mortgages after repossessiongreenspun.com : LUSENET : Repossession : One Thread
I had a home repossessed in the early 1990s. After paying them an agreed monthly sum for over 7 years, I eventually came to a settlement with them and paid them an agreed sum. I have a letter from them saying the amount I paid is "in full and final settlement of the debt".
I now want to apply for a mortgage but don't know where I stand. Despite what happened, I have a good credit history and have no problems in getting credit.
-- martin kelly (email@example.com), August 05, 2002
Full and final settlements
There are some issues with "full and final settlement" - which are that it has no legal validity at all, meaning you can be subsequently chased for more cash if you show that you have assets. What you need is a "deed of satisfaction". However, so far it seems pretty unlikely that lenders will use this to come back against you. But it depends who your lender was. This is one reason why - in my opinion - you should not settle a shortfall claim until you have assessed the lender's ability to back its claim in court plus your own PAYE income and asset level (see pretty much the entire "Repossession" section of this site for a explanation of this).
Can I get another mortgage?
It's easy to get another mortgage. See the "New Mortgage?" section on the left... Note the points about having to pay a slightly higher interest rate for 18 months or so, until you prove your ability to make payments on time.
Should I use a specialist lender to get another mortgage?
No. Go to a mainstream (high street) lender. Specialist lenders charge their customers more interest. This makes the lender more comfortable with the risk that you represent, but it makes you a) poorer and b) *considerably* more likely to be repossessed again if interest rates rise. A series of interest rate rise is particularly likely when interest rates are as low as they are now. You have been warned!
Which mainstream mortgage lender should I go to?
In my opinion, having seen hundreds of examples of how mainstream lenders treat customers *after the customer has taken out a mortgage* (as opposed to the promises about how they would treat the customer that lenders made *before* the customer took out the mortgage), there is only one mainstream lender worth touching. Woolwich. I hate the way Woolwich treated their current (chequing) account customers when they first became a bank. I used them and killed my current account with them in the end because of their mistakes and their attitude. But... they beat all the other mainstream lenders when it comes to decent treatment of their mortgage customers. I don't get money from them. I don't have a mortgage with them or any other link or contact with them. I just see hundreds of mortgages that, for one reason or another, have gone wrong and Woolwich is the *only* lender that appears to recognise that customers are people who have both legal and moral rights.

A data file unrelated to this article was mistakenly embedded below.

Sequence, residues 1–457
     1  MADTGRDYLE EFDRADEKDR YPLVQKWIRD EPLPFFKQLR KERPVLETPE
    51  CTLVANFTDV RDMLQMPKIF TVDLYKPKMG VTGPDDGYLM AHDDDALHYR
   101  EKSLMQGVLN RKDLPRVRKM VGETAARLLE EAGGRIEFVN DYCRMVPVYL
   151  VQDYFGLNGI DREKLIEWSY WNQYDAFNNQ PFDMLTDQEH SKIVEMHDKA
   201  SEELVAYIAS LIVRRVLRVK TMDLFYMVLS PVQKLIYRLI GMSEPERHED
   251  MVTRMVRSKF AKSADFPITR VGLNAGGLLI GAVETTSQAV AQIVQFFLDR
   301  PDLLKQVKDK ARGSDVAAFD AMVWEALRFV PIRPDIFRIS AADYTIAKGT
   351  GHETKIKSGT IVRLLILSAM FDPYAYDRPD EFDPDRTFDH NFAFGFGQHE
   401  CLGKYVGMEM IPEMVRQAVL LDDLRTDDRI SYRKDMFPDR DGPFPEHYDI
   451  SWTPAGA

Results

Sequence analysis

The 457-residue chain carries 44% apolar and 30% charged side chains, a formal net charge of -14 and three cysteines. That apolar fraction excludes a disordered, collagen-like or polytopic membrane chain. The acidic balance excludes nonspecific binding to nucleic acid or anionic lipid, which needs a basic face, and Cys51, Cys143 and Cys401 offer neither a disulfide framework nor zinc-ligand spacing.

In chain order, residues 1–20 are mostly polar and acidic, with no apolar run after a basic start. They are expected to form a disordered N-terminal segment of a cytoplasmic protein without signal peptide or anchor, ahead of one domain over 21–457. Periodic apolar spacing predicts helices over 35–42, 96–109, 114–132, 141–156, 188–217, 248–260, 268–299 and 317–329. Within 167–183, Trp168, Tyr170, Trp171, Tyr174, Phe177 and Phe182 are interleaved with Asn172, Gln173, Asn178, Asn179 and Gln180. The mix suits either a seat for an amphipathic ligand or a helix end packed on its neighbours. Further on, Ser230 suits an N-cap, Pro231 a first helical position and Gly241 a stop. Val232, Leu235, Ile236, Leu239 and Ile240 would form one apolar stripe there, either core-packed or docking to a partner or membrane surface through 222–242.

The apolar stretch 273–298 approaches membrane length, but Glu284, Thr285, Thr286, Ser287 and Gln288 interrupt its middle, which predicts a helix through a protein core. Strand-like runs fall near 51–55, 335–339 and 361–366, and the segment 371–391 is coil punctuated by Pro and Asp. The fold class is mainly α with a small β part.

I don't want to use Woolwich - who should I use?
Er, the Woolwich. But OK, if you insist on hearing my second favourite choice: it's, erm, the Woolwich. Possibly the Ecology Building Society if you are in the market for their particular type of mortgage.
OK, which mainstream (high street) mortgage lenders should I avoid?
Abbey National, Halifax. There are several others, but in my opinion, these two are the worst of the mainstream lenders. Note: I have never had a mortgage with them and customers using the "Voters say" poll on this site say Halifax are OK. I differ from the voters on this.
Should I get a mortgage at all?
Right now, in summer 2002, no. I don't know if house prices will fall, but I think that the risk that they will fall is now too high to be a risk worth taking. I can't predict a fall but I can assess the risk of a fall. Right now, the risk of a fall is extremely high.
But it's not as if it is 1988...
You're right. Unlike 1988, we don't have a government that has publicly warned that it will do what it has to with interest rates to get the trade deficit down (it's odd how nobody remembers that the trade deficit was what inspired Lawson to begin sharply raising interest rates in 1988) but we do have a variety of economic circumstances that suggest a high risk of a house price fall. You can't manage the economy but you can manage your exposure to risk. If the risk of a house price fall is high, you can quickly and efficiently expose yourself to that risk by buying a house. You can quickly and efficiently protect yourself from that risk by *not* buying a house.
Hope that helps! ;-)
-- Lee (firstname.lastname@example.org), August 11, 2002.
Best thing to do is apply to a mainstream lender AFTER you have got a credit report from either Experian or Equifax or both - if that shows nowt adverse on it, then you will almost automaticaly get a "normal" mortgage.
If it does show adverse history, either get it corrected if incorrect, or apply to a "sub prime" lender like GMAC RFC.
-- David Button (email@example.com), August 05, 2002.